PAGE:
Get Rid of the Amateur Hour

This post is inspired by the series “Rules I’d Change” currently on ESPN Cricinfo.

Cricket, with its amateur roots, is still trying to catch up to the rest of the sporting world in terms of professionalism well over a hundred years after W.G. Grace demanded that he be paid for his efforts. Cricketers these days, representing franchises, counties, states and countries, are not your average bank clerks who took vacation from their jobs to roll their arms over. They are getting paid for what they do, some more than the other, and hence are professionals.

When one goes to their 9 to 5 job on a Monday morning, there isn’t a rule established in their place of work that allows them to take off work on Friday at 4 PM. If that is so, then why should the cricket professionals be allowed to call an end to proceedings with still an hour to go on the 5th day of a Test match?

ICC’s rules and regulations concerning the “Standard Test Match Playing Conditions” under Law16 “Start of Play; Cessation of Play”: Law 16.1.6 ‘Last Hour’ states: “On the final day, if both captains (the batsmen at the wicket may act for their captain) accept that there is no prospect of either side achieving a victory, they may agree to finish the match after (a) the time for the commencement of the last hour has been reached OR (b) there are a minimum of 15 overs to be bowled, whichever is the later.”

One of the Tests from recent past that stirs up emotional reactions from the fan base is the India vs. West Indies Test at Dominica in 2011, when needing 87 runs in 15 overs, India’s captain Dhoni, leading 1-0 in the three match series, decided to shake hands with his opposite number and protect the series lead rather than risk a loss in the contest.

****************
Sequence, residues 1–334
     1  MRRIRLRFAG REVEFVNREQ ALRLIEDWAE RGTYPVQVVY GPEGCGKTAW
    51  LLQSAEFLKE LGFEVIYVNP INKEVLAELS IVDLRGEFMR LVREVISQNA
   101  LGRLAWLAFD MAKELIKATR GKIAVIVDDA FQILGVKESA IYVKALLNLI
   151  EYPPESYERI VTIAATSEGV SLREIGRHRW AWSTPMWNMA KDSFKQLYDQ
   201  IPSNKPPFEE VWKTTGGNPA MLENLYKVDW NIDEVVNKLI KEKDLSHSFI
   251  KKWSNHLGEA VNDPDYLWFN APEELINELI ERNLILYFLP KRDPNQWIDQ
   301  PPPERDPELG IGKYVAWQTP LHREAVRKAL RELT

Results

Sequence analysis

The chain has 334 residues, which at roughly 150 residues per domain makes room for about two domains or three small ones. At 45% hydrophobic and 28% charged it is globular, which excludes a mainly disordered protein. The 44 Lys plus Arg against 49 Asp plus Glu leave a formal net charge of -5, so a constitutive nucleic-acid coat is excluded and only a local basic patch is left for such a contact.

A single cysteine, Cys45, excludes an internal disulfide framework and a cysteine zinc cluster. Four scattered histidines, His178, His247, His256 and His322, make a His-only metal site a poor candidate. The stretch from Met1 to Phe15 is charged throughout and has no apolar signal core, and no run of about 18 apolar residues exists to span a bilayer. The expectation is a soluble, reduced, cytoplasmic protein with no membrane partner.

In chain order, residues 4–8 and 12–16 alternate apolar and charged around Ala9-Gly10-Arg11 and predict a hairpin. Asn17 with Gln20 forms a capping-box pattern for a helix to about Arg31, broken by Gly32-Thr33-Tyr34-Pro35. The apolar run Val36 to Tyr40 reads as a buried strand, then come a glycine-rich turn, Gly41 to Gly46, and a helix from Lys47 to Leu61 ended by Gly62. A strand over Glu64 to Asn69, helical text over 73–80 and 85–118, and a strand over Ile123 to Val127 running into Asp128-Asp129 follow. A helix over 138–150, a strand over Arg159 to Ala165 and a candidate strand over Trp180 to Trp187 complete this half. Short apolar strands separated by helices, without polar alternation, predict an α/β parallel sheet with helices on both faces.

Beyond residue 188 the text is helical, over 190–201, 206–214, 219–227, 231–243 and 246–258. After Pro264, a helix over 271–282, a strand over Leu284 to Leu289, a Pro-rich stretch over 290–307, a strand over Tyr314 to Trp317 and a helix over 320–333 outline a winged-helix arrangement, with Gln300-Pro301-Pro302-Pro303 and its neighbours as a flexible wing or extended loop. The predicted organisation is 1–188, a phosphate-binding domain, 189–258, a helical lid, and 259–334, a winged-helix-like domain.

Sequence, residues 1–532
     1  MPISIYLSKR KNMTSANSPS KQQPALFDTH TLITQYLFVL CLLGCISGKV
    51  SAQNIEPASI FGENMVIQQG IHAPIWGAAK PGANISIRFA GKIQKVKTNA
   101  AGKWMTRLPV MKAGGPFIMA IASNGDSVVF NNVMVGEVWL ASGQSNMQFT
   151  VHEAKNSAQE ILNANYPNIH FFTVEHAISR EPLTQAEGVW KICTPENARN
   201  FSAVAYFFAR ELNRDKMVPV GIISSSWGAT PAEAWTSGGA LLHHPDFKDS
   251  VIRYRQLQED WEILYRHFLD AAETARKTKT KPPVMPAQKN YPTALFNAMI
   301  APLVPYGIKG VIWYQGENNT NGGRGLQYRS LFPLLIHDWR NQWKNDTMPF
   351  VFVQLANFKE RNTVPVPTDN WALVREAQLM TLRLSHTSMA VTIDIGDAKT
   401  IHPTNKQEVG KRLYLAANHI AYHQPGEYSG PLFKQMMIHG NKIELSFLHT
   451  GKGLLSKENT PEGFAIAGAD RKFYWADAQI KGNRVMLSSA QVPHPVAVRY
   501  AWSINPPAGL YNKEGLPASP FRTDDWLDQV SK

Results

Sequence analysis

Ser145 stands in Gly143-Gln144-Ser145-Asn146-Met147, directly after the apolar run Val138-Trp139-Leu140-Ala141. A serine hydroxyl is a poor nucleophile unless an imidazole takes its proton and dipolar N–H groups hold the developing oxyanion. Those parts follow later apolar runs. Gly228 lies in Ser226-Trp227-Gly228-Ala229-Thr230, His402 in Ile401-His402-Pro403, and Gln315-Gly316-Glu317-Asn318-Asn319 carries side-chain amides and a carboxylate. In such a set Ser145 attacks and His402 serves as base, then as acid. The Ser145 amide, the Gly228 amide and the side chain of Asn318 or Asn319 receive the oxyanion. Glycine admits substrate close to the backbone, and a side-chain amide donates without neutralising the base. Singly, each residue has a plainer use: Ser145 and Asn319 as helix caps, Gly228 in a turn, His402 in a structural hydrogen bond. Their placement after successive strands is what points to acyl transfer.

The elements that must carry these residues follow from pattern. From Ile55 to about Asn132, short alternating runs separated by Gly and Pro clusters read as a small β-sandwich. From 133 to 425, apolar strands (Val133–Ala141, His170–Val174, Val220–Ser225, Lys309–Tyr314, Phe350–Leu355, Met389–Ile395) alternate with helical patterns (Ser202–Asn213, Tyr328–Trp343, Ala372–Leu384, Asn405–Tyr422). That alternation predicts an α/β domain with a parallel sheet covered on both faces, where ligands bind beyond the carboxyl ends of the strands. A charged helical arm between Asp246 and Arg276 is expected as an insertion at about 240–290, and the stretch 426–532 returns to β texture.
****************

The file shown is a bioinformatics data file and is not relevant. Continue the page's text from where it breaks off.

Dhoni was allowed to shake hands because there is a law in place that allows him to do so. Perhaps, if that law weren’t in place, the teams would have played that extra hour and who knows what would have transpired? Perhaps India caught between protecting the lead and the chase of an improbable win, could have lost and allowed West Indies to draw the series.

You don’t see that happening in a One Day match or a T20, so why is it still allowed in a Test? Even in a blow out, the teams continue to bat till the 50 0vers are done. That’s what a professional is expected to do. It is a job and you do it.

The fans paid for a full day of cricket. I don’t see them getting reimbursed for an hour of play that they are robbed off because of a law that is the vestiges of an amateur era of the sport. They did get rid of the rest day in Tests, didn’t they? Then this law can be too. Get rid of it.

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